Erphaan Alves, an artiste who has a true passion for the art form, has made it his mission to take soca to the global level. Currently, the genre struggles to be heard on mainstream international media. There have been very few bars and snippets of soca music in prime time shows, reality TV shows and other media which would really capture an international audience. The exposure is currently too limited compared to other genres and so Alves, along with his cohorts, has been striving to “push the soca global”. Take a listen to his 2020 soca tune “Soca Global”.

In 2018, Olatunji Yearwood was recognized on the world stage as he participated in the world-renowned talent competition “X-Factor” in the United Kingdom, when the panel of celebrity judges were blown away by his performances of his original compositions, most notably “Bodyline”. Bunji Garlin, another high-powered soca artiste, won the Best International Performance Soul Train Award in 2013 with his soca tune “Differentology”, which features ace guitarist Nigel Rojas. This tune was used as the theme song for ABC Network’s primetime show “Grey’s Anatomy” and in the NBC arena in the recent past. During the 2019 Canadian Federal election, the song was in heavy rotation on the campaign trail by the leader of the New Democratic Party, Jagmeet Singh.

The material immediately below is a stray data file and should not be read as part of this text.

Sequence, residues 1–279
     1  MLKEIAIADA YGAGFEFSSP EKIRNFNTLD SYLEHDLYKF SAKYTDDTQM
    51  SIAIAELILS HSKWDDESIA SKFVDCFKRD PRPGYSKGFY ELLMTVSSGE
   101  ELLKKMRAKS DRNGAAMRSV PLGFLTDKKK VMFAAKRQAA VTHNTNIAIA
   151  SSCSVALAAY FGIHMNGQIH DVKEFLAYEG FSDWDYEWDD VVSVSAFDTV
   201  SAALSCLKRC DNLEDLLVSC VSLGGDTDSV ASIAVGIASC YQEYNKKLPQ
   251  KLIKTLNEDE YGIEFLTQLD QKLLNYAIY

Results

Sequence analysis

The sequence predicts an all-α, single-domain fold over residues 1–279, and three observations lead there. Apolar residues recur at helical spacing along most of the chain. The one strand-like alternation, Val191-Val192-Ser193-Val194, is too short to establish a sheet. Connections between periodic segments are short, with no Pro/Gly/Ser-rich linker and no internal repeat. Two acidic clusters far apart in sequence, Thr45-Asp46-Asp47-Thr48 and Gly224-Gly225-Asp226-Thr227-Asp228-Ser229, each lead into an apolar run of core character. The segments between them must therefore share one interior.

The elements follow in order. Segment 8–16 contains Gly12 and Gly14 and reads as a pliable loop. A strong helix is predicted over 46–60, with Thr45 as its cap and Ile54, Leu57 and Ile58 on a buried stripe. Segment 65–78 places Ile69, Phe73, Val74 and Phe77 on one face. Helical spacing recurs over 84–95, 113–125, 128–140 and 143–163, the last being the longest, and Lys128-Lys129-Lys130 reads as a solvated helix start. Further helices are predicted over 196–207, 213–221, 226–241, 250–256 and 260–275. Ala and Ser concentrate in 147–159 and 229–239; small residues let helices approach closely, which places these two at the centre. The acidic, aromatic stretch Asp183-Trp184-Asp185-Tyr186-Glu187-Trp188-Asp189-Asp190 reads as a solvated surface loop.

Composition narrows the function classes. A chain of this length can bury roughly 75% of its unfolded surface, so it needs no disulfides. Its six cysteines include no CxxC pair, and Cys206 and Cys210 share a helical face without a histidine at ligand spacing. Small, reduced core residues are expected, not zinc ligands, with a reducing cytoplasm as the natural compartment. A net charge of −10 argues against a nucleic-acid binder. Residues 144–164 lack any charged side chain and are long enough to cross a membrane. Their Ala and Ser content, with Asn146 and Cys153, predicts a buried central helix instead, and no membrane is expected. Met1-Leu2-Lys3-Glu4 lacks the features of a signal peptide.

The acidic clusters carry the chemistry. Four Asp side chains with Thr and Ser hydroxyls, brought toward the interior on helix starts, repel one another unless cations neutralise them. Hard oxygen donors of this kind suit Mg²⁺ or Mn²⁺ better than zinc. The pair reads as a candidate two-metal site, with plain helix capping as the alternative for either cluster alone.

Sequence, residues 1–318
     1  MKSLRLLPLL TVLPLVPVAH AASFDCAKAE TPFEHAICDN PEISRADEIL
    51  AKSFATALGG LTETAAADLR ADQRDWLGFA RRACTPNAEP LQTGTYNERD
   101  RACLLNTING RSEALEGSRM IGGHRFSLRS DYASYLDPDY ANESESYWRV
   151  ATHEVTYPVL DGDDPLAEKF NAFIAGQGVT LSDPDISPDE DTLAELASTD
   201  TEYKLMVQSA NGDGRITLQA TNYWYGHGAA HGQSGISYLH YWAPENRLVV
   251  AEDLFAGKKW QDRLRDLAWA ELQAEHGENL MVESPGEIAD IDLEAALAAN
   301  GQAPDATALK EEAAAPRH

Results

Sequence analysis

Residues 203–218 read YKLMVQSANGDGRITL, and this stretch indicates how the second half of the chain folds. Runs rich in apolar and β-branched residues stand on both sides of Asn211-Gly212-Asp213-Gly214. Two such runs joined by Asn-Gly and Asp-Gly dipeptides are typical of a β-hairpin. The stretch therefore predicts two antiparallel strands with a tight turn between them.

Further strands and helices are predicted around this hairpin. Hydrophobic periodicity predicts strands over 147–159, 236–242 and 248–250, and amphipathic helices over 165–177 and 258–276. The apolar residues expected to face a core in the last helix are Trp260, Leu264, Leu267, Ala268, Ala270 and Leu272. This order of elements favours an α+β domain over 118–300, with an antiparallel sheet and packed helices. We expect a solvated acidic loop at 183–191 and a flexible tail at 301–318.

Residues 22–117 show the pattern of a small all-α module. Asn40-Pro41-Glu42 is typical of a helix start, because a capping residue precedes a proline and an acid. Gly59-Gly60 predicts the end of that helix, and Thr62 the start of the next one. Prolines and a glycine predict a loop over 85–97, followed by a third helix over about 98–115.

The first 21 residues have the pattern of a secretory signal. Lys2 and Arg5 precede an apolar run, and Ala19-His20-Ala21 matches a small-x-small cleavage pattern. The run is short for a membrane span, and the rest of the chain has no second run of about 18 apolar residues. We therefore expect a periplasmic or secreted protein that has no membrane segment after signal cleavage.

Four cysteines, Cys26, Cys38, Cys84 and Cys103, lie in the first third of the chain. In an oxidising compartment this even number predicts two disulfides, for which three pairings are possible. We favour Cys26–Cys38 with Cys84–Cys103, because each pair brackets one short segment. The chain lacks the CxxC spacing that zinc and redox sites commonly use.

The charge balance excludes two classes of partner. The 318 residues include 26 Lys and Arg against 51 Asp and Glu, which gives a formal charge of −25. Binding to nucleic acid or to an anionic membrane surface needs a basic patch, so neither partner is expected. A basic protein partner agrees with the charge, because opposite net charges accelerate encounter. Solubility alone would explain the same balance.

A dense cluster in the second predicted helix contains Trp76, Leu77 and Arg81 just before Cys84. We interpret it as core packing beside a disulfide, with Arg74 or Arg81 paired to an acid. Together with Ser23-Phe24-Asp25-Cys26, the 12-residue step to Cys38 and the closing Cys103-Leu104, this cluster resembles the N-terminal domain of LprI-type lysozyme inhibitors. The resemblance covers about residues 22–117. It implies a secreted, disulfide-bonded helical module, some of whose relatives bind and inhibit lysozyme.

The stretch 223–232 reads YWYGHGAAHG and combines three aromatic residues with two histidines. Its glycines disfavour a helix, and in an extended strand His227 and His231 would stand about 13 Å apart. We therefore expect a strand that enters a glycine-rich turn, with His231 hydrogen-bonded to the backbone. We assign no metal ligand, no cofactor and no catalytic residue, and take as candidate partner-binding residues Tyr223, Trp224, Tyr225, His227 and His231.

It is the case by far, no doubt, that the genre in demand during Carnival is soca music. There is an entire competition called the International Soca Monarch Competition which is dedicated to this genre during Trinidad and Tobago’s carnival. Soca artistes in both the power soca (up-tempo) and groovy soca (slower tempo) categories perform live to massive crowds which are eager to see their favourite artistes perform their tune of the season live and in the flesh. Be sure to attend this event once you are on the island during the competition.